South Africa

New principles were incorporated in the National Water act post 1994, to mandate water management practices more socially just, economically efficient, and environmentally sound than those of the past. A national water pricing strategy was established to enable full cost recovery, setting various charges to:

  • Fund costs associated with managing the quality and quantity of water resource (that is, registration and licensing of users, reserve determination, controlling pollution and conservation management, and so on)
  • Fund costs associated with development and operating of water supply schemes (dams, canals, tunnels and so on). (Lange and Hassan 2006).
Water Use Charges

[…] Water use charges are to be used to fund the direct and related costs of water resource management, development and use, and may also be used to achieve an equitable and efficient allocation of water. In addition, they may also be used to ensure compliance with prescribed standards and water management practices according to the user-pays and polluter-pays principles. Water use charges will be used as a means of encouraging reduction in waste, and provision is made for incentives for effective and efficient water use. Non-payment of water use charges will attract penalties, including the possible restriction or suspension of water supply from a water-work or of an authorisation to use water.

Source: National Water Act 1998, Chapter 5, part 1

Free Basic Water

The National Water Act 1998 recognises water as a basic human right and water needed to meet basic human needs is therefore free in South Africa. The Free Basic Water (FBW) subsidy programme was implemented in 2001 to provide 6 000 L/month of water to every household (Metcalf-Wallach 2008). This FBW averages to 25 L/person/day in a household of 8 and costs the government about R30 million per year to subsidise. Households not connected to a water source are supposed to have access to a pump within 200 meters. Anything above and beyond the required amount to meet basic human needs has a cost associated with it.


Tariffs and Subsidies

Costs are determined on an Increasing Block Rate (IBR) tariff regime (Metcalf-Wallach 2008). The more water consumed the higher the rate. The IBR regime has had mixed results with one negative result being inelasticity in water consumption of the poor. The increased charge becomes a tax on water for the poor because they have no option to decrease their water consumption when rates increase, they must meet their basic needs (Metcalf-Wallach 2008).

On average, the share of water in total intermediate costs in 2001 was slightly more than 1 % of the national economy (Lange and Hassan 2006). Trade and services sectors paid the highest amount per unit of water at R12/m³, mining paid R3, 76/m³, manufacturing paid R1, 58/m³, domestic use paid R1, 19/m³ and agriculture paid only 2,3 cents/m³. Agriculture pays very little for water and yet it used 80 % of the total water consumed in 2000 and contributed only 3 % to the national income (Lange and Hassan 2006).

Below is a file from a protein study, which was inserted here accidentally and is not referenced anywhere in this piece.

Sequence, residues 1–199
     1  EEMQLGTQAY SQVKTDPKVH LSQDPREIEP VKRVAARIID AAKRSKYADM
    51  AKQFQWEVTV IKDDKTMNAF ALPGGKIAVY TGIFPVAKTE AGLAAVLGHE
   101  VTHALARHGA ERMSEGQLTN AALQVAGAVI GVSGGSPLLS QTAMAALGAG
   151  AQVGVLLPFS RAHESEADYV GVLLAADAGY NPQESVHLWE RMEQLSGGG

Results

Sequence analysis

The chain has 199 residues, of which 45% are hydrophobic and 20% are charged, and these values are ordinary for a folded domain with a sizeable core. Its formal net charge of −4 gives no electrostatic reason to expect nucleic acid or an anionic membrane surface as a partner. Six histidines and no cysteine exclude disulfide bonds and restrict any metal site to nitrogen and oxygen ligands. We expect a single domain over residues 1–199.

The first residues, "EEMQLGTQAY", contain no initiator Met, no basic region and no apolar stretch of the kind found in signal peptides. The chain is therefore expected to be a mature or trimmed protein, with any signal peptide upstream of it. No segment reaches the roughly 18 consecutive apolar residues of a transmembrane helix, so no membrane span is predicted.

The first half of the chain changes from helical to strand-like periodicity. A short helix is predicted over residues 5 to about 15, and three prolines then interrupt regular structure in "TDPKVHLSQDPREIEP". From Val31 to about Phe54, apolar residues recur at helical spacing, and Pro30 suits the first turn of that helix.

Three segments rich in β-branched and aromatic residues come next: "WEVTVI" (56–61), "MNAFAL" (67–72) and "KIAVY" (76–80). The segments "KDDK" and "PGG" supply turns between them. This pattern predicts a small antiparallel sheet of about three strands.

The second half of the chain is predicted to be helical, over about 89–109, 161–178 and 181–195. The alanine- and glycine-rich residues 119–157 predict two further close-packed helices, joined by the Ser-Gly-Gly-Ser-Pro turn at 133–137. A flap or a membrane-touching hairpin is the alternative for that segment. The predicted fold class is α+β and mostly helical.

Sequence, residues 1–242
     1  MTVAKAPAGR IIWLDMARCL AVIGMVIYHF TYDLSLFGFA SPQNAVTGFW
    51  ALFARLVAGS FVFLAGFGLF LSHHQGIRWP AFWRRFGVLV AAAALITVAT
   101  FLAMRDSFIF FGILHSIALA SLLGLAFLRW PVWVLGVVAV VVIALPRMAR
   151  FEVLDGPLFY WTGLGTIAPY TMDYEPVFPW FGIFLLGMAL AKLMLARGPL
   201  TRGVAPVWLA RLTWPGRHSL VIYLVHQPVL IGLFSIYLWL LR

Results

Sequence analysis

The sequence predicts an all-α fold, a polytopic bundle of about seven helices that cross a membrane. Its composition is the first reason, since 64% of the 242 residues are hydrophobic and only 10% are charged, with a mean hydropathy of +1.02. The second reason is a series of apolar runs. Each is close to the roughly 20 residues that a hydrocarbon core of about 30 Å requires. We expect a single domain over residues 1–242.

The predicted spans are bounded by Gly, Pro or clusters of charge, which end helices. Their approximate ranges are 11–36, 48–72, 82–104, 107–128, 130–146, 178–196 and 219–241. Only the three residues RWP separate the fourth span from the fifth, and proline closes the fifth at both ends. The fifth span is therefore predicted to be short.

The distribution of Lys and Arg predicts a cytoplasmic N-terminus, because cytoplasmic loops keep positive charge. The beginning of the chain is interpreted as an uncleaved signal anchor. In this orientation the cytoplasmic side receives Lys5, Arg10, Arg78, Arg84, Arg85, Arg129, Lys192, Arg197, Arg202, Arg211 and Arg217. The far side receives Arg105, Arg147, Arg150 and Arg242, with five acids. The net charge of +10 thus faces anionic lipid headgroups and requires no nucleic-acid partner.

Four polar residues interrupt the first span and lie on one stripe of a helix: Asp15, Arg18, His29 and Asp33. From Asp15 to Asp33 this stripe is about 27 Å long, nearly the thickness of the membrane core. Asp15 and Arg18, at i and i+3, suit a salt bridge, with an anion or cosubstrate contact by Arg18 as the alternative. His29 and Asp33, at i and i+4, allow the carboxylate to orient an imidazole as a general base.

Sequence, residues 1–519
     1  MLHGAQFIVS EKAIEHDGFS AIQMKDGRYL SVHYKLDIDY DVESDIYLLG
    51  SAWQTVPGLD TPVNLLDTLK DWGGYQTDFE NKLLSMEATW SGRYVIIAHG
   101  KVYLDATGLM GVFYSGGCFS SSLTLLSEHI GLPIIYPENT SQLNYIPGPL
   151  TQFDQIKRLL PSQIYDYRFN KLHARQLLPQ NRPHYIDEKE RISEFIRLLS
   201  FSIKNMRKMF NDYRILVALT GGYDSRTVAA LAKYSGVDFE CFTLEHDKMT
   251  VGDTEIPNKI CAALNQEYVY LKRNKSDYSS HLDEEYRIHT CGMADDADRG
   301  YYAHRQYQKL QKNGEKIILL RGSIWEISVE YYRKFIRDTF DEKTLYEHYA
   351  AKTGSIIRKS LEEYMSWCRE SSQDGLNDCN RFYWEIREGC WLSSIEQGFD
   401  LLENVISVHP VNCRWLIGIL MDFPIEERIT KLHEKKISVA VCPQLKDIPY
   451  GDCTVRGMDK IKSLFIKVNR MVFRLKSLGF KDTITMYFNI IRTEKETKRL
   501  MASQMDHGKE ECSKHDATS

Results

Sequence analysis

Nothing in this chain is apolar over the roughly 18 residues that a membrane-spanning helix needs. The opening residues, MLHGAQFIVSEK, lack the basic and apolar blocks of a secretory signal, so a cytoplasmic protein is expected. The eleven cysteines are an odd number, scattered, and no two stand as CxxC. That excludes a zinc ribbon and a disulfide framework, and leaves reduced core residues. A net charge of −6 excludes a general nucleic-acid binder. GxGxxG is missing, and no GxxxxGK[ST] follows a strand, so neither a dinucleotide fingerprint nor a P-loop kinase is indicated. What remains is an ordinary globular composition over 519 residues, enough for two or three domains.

Water as a resource is highly subsidised in South Africa and consumers rarely pay the full cost of the resource they are consuming. “Under the NWA 1998, water tariffs were to be increased to reflect the full financial cost of providing water services and to reflect the benefit of water to society.” The new system is based on the concepts of equity, efficiency and ecological and financial sustainability (Lange and Hassan 2006). As a component of ecological sustainability, the new system considers costs associated with the management and protection of water resources. This cost is assessed on a catchment level basis and as a result costs can be higher for water-scarce water management areas.

With the water acts principles put into action, direct subsidies dropped from 57 % of the total expenditure in bulk water supply programs in 1998 to 35 % in 2000 (Lange and Hassan 2006).

A game park in the Limpopo Province. Source: Hatfield 2009


Monetary Accounts

Monetary accounts in South Africa have only been compiled for flow accounts, and at the national level because of a lack of corresponding data at individual WMA level. The table below gives a breakdown of charges placed on water for the different sectors and the subsidies in place in 2000.

Cost and subsidy of water supply in South Africa.
Raw water (2000) first tier Agriculture Domestic and industrial Self-supply
Irrigation boards Livestock Average/total Water boards Municipal Average/total
Cost of water supply (cents/m³) 20 20 20 20 20 20
Average tarrif (cents/m³) 2,7 1,1 2,7 37,9 8,8 10,5
Estimated subsidy (cents/m³) 17,3 18,9 17,4 -17,9 11,2 5,7
Amount supplied (million m³) 7 921 313 8 234 4 092 116 12442
Total subsidy (R million) 1 370 59 1 429 -732 13 710
Second tier Bulk Use Municipalities Industrial Rural Areas   Average  
From water boards (2002)
Tariff (Rand/m³) 1,16 1,44 2,4 3,9 1,4
From irrigation boards (2002) in Rand/m3 Central pivot Sprinkler Micro-dip Flood Irrigation Average
Average tariff charged by Irrigation boards 0,06 0,07 0,28 0,33 0,19 0,09
Other costs to farmer in Rand/m³ 1,41 2,49 1,60 1,12 1,65 2,32
Total cost to farmer (R/m³) 1,47 2,56 1,88 1,45 1,84 2,41
Third tier Domestic Industrial          
From municipalities (2002) in Rand/m³ 6,11 4,00
Supply of water to mining (2002)
Average tariff (Rand/m³) 2,12 2,12
Cost of water supply (Rand/m³) 1,36

Source: Lange and Hassan 2006 after DWAF 2001 andStatSA 2005

Current ongoing initiatives.

LIMCOM's current ongoing interventions being undertaken